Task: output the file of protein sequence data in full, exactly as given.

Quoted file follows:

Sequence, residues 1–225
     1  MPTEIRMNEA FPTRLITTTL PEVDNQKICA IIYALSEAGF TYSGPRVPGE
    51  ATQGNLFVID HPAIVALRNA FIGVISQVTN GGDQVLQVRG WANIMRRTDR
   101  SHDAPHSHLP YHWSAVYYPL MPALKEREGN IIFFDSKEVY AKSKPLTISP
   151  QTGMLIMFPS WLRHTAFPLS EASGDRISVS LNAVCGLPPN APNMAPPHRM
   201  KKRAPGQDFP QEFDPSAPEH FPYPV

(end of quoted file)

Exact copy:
Sequence, residues 1–225
     1  MPTEIRMNEA FPTRLITTTL PEVDNQKICA IIYALSEAGF TYSGPRVPGE
    51  ATQGNLFVID HPAIVALRNA FIGVISQVTN GGDQVLQVRG WANIMRRTDR
   101  SHDAPHSHLP YHWSAVYYPL MPALKEREGN IIFFDSKEVY AKSKPLTISP
   151  QTGMLIMFPS WLRHTAFPLS EASGDRISVS LNAVCGLPPN APNMAPPHRM
   201  KKRAPGQDFP QEFDPSAPEH FPYPV